The Project Management Body of Knowledge, Seventh Edition defines requirements as
“a condition or capability that is required to be present in a product, service, or result to satisfy a business need.”
Requirements are specific, measurable, and achievable conditions or features that a project or system must meet to fulfil its purpose and stakeholders’ needs
|• High-level needs of an organization.|
• Business and project objectives for traceability.
• Business rules for the performing organization.
• Guiding principles of the organization.
|• Needs that come directly from a project stakeholder.|
• Impacts to other organizational areas.
• Impacts to other entities inside or outside the performing organization.
• Stakeholder communications and reporting requirements
|Any feature, function, product, service, or result of a project.|
|Focus on the behaviours of the product such as actions, processes,|
|Are any conditions that must be present for the outcome to be|
successful such as security, reliability, and safety.
|Transition and |
|• Temporary capabilities necessary for project work to get|
• Support and training requirements.
• Reporting requirements.
|• High-level requirements that the overall project must meet. These can be|
actions, processes, or any other condition of the project.
• Levels of service, performance, safety, compliance, and so on.
• Acceptance criteria.
|Any condition that the outcomes of a project are validated against.|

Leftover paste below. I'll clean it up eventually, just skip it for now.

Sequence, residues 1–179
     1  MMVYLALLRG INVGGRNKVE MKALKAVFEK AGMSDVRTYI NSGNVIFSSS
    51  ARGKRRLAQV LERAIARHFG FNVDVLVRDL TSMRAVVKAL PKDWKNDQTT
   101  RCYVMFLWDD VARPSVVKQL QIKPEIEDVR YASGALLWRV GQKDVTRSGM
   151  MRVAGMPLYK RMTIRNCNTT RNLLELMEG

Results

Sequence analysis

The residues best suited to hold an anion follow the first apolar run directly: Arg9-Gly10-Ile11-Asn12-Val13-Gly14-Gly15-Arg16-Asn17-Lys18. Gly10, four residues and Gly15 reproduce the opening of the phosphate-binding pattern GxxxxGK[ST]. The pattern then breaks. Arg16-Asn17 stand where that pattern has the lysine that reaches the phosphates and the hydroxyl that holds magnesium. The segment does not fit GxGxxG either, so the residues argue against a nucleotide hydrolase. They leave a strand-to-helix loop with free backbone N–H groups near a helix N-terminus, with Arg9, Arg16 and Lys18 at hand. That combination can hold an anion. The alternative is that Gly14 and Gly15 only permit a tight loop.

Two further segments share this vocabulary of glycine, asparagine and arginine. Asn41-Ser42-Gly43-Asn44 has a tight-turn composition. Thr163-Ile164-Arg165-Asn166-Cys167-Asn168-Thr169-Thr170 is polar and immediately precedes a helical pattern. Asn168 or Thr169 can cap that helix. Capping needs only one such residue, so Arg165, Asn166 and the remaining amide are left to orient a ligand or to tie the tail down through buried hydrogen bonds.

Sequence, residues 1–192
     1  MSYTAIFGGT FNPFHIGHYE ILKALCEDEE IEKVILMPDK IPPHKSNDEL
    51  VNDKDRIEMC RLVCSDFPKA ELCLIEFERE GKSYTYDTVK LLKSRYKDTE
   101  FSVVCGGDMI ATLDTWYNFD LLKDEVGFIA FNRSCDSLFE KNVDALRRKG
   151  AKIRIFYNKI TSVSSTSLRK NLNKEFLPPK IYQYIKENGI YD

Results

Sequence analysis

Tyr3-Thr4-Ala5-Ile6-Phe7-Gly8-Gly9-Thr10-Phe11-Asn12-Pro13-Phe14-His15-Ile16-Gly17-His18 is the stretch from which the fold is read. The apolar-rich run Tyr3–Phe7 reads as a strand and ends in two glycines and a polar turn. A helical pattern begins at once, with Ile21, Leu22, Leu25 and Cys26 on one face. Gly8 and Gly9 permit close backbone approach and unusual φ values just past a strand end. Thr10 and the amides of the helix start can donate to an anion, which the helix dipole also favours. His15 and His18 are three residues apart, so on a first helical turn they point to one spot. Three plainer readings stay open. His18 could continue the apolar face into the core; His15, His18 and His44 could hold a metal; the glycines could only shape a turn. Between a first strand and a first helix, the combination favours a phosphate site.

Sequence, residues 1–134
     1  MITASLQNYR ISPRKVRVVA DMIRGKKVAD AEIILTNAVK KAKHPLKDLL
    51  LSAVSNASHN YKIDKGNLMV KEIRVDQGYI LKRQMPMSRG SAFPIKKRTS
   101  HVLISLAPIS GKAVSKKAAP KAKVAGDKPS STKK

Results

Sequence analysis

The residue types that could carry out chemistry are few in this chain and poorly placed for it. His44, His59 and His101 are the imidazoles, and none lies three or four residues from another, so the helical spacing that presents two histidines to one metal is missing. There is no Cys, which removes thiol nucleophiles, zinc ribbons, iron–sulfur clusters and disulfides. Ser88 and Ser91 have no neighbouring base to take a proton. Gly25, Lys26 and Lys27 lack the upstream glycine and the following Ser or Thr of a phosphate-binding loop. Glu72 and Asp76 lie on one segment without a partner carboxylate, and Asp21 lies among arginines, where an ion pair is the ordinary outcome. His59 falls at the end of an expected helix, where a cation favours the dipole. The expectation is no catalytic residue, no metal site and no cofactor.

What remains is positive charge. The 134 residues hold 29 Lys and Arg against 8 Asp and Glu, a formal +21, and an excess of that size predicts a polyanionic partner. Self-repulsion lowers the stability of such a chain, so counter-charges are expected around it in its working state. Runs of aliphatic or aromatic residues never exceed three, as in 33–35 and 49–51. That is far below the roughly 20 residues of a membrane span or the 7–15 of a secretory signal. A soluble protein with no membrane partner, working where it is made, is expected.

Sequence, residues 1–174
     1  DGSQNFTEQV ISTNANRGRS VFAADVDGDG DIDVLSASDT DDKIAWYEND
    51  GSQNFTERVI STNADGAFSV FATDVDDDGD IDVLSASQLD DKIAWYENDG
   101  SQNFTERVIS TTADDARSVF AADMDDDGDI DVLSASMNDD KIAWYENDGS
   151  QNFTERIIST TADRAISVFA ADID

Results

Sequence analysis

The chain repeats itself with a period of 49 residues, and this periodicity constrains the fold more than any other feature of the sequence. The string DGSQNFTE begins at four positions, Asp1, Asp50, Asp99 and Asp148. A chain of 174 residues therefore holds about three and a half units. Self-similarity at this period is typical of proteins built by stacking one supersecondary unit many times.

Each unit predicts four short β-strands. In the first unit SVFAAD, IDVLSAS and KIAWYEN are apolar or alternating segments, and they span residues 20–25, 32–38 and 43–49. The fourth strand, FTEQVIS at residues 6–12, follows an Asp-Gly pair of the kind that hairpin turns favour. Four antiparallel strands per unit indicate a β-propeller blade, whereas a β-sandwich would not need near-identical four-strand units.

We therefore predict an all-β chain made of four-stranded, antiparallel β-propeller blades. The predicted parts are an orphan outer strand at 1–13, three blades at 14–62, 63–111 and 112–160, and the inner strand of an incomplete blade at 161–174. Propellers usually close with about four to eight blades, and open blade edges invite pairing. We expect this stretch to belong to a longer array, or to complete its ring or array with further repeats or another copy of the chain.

Requirements should be Unambiguous (measurable and testable), Traceable, Complete, Consistent & acceptable to key stakeholders
- Unambiguous: Requirements should be explicit and free of uncertainty, so everyone involved understands their meaning and intent, avoiding misunderstandings.
- Measurable and Testable: Each requirement should have criteria for success, allowing validation through testing, and ensuring that objectives are met precisely.
- Traceable: Requirements should be linked to their sources and origin, enabling a better understanding of the project’s context and facilitating change management.
- Complete: Requirements should encompass all necessary details, leaving no critical aspects overlooked, to achieve the project’s goals comprehensively.
- Consistent: Requirements must not contradict or conflict with each other, promoting a cohesive understanding among stakeholders for smoother development.
- Acceptable to Key Stakeholders: Requirements must align with stakeholders’ expectations to ensure their satisfaction and project success through active engagement and collaboration.
- The project scope is for the team to deliver i.e. identifies the list of activities/tasks that need to be done in order to fulfil the requirements.
- Requirements are details of scope, and they are defined and refined throughout the project Initiation and planning phase. Requirements are defined by the customer.
A challenge with these two is that on a common day of a project, they largely mean the same and many uses them interchangeably.